There are many signs indicating that we might have reached peak democracy somewhere around the 1980s, democracy being a system of government by the whole (adult) population. As various philosophers have mentioned the whole population being the sovereign.
As Hobbes mentions in the Leviathan, the State needs to be provided with power as it embeds an internal morality of our reason to protect ourselves from each other, as we mistrust each other we need a third party (state, police, courts) for that. Slowly these ideas moved in some societies into the direction of democracy.
We are rapidly learning that democracy is a fragile idea. It is a peaceful way to control power, it works something like an ‘organised revolution’. However both peacefulness and power are not necessarily stable elements, in particular in a social environment that is in constant state of change. The more turbulent the society, the more fragile democracy.
Democracy is an idea and therefore not just a rational way of running a country, it also requires a narrative. There is at least as much emotion involved in the idea of democracy as rationality. It look like that we have lost the right national narratives and the emotional side of democracy. Facts and the battle for the truth has hijacked democracy. Of course facts and the truth are very important but these are not the only things that keep democracy alive.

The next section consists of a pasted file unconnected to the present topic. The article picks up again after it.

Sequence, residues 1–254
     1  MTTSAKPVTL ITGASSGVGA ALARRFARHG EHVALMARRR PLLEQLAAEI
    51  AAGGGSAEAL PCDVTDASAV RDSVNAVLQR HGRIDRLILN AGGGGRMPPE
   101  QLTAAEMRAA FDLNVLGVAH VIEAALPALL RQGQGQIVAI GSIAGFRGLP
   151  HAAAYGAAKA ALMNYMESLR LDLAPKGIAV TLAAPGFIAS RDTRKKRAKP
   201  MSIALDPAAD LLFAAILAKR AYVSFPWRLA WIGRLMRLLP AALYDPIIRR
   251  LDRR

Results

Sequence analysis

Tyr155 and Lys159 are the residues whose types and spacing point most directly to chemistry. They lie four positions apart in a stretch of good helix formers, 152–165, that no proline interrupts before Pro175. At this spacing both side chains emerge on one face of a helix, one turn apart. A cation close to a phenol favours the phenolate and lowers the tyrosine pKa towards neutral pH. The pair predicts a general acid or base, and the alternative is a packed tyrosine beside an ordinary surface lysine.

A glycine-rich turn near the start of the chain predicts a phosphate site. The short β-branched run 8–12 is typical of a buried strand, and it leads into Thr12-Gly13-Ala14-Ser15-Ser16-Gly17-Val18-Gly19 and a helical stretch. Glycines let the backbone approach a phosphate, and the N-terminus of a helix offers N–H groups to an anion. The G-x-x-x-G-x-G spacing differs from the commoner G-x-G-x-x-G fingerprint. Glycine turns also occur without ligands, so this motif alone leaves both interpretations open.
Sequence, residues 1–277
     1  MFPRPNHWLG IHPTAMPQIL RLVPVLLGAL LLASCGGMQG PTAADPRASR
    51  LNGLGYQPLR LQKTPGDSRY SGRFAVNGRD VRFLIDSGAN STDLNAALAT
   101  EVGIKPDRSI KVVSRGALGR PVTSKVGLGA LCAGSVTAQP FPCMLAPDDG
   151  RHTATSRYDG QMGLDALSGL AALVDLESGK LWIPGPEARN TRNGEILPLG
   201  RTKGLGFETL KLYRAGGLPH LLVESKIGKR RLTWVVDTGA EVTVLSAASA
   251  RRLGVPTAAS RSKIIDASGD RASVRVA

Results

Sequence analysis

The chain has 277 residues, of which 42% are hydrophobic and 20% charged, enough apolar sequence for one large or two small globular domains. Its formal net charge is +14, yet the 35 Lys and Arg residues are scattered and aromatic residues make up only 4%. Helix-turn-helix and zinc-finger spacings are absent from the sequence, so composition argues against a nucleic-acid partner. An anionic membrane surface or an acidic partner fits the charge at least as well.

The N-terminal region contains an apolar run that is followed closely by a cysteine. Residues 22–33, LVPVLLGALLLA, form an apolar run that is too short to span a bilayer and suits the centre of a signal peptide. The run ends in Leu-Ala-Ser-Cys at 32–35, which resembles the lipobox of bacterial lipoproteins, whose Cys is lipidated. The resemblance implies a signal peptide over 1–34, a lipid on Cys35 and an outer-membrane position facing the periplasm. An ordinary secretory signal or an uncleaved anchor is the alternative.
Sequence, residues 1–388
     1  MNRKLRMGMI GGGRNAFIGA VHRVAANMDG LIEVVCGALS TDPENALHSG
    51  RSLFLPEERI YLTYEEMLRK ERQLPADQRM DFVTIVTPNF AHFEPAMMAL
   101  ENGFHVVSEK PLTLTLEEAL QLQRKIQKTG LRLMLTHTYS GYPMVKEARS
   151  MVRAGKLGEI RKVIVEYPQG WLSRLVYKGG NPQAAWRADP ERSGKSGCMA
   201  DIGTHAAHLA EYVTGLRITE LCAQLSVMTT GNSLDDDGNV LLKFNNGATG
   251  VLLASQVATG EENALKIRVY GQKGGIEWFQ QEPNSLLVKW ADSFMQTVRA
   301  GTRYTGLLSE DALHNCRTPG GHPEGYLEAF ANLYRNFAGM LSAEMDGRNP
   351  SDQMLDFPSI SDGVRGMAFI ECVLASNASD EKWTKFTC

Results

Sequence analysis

The reality is that in our complex society most people don’t see themselves (anymore) as the sovereign and instead believe that they are part of a system over which they have little or no control. We have lost parts of the population in the battle for facts and truth. We are missing the leadership to keep the narrative alive that also adds the emotion and the passion to the debate.
The importance of the right national narrative
|The Roman historian Titus Livius (59 BC – AD 17) – the Roman historian wrote a monumental history of Rome and the Roman people, titled Ab Urbe Condita, ”From the Founding of the City”, covering the period from the earliest legends of Rome before the traditional founding in 753 BC through the reign of Augustus in Livy’s own lifetime.
The first 5 of his books talk about the history of Rome from its beginnings with Romulus roughly till Livy’s own times, the other 9 book are covering the more recent history of his own time.
In a fascinating presentation Associate Professor Kathryn Welch from The University of Sydney, discussed Book 5 and the history of the destruction of Rome by the Gauls in 390BC.